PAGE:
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Length Of Lh Surge During Ovulation

Helen asks…

What is this??

Ok day before yesterday i noticed some clear but watery slimmy stuff (mucus) coming out of me.I didn’t have intercourse the nite before noticing this stuff. So could this be a sign of inplantation or sign of ovulation?
I have also have been vomunating off and on for now about a week, sore boobs.

Pregnancy Advisor’s answers:

It’s a sign of ovulation.

Read this:

All About Ovulation

What is Ovulation?
Ovulation is the release of a mature egg (ovum) from the ovarian follicle. Each menstrual cycle, several ovarian follicles begin to mature and develop under the influence of pituitary hormones. Usually only one follicle develops fully. While the other follicles recede, this dominant follicle produces an egg which will be released and which can be fertilized. The growing follicle secretes increasing amounts of the hormone estrogen. Following peak estrogen production, there is a surge of luteinizing hormone (LH). The LH surge triggers the release of the mature egg from its follicle. This is ovulation.

After Ovulation
Once ovulated, the egg is picked up by one of the fallopian tubes and begins to travel towards the uterus in the fallopian tube. This is where fertilization, if it is to happen, takes place. The follicle that released the egg becomes known as the corpus luteum after ovulation and begins to secrete the heat inducing hormone, progesterone.

The lifespan of the egg after ovulation is just 12-24 hours, maybe even less. Fertilization must take place within this timeframe. After this timeframe, the egg begins to degenerate and is no longer capable of being fertilized. This seems like a very short window of time for conception to take place. However, sperm deposited prior to ovulation can survive in the female reproductive tract for a few days, so the few days before ovulation takes place are also considered fertile days.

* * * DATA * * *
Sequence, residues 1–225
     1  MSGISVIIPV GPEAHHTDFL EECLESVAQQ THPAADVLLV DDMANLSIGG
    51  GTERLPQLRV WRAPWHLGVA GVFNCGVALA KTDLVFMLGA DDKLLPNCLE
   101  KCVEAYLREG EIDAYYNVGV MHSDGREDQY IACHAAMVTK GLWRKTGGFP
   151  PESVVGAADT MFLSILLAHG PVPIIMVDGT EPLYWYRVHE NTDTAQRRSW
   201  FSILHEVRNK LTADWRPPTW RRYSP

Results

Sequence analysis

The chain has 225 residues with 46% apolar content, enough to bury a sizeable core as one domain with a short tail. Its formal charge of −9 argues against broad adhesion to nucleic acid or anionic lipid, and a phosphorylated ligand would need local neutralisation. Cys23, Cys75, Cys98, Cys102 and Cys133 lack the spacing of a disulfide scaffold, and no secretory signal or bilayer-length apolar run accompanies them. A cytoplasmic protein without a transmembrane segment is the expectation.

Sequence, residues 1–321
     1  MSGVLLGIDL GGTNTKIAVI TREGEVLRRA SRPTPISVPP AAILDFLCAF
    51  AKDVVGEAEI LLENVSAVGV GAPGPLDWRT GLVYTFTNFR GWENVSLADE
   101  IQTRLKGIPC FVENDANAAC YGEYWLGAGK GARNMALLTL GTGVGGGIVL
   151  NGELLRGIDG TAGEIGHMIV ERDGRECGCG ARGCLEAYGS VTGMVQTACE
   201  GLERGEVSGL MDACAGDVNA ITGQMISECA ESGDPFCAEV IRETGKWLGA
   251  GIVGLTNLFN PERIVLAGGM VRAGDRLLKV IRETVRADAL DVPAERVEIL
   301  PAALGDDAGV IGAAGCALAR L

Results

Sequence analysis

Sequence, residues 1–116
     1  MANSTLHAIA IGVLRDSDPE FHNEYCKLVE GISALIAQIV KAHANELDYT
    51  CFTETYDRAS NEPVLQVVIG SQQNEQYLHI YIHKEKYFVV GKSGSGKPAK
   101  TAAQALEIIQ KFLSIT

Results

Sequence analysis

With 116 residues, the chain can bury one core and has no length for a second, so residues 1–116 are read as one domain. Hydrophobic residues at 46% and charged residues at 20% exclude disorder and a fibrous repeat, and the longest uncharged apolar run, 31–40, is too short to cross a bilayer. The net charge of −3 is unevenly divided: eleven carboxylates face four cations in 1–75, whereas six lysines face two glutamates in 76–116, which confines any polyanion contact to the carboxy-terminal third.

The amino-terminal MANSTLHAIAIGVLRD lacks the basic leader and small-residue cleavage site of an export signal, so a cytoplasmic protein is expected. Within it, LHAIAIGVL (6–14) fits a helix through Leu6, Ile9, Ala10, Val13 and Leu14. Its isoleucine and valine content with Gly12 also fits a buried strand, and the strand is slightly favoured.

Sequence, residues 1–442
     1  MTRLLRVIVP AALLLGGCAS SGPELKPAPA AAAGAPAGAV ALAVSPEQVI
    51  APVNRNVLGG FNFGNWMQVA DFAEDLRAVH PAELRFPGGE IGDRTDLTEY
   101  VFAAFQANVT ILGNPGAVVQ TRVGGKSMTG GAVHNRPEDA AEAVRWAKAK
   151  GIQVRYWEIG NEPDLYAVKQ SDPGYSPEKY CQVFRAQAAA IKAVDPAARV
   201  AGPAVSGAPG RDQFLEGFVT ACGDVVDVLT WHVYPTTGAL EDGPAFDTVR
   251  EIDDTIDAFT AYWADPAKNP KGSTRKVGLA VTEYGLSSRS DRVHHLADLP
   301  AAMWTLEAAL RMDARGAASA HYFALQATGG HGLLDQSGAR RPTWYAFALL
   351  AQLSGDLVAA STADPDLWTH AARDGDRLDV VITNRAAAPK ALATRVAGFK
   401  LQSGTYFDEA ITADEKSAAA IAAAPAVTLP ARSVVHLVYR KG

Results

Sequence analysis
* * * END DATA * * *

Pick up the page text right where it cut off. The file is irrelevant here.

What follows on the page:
Ovulation and the Cycle Phases
Ovulation is the event that defines the phases of the menstrual cycle. The phase before ovulation, when the ovarian follicles are developing, is called the follicular phase. The phase after ovulation is called the luteal phase. The length of the follicular phase may vary but the luteal phase length is generally constant from cycle to cycle for the same woman, lasting 10-16 days. When cycles are irregular, it is usually because ovulation occurred earlier or later than usual. Knowing when ovulation occurred allows you to see if intercourse was well-timed for conception and lets you determine your luteal phase length. Knowing your luteal phase length tells you when to expect your period or a positive pregnancy test result.

The fertility chart below illustrates the cycle phases with ovulation indicated by the vertical red line.

Cycle Phases

When does Ovulation take place?
Ovulation takes place, on average, about two weeks before your period, though it can vary from 10-16 days before the onset of menstruation depending on the length of your luteal phase. During an “average” 28 day cycle, ovulation is usually expected to take place between cycle days 13-15. Based on this guideline, many women are taught to expect ovulation around day 14 of their menstrual cycle. Many women, however, do not have average cycles and even those who usually do may see irregularities from time to time.

A typical menstrual cycle may be anywhere from 21 to 35 days according to the American Society for Reproductive Medicine. Some women even notice cycles that are shorter or longer than this. Ovulation, then, may occur much earlier or later than typical guidelines suggest. For example, ovulation may occur on cycle day 23 during a cycle that is 35 days long for a woman with a 12 day luteal phase while ovulation may occur on cycle day 10 for a woman with a 24 day cycle and a 14 day luteal phase length. This variation among women and from cycle to cycle means that there is really no simple “one-size-fits-all” mathematical formula to calculate your ovulation date. However, it is possible to learn how to identify your own ovulation date and fertile signs by examining your fertility signals.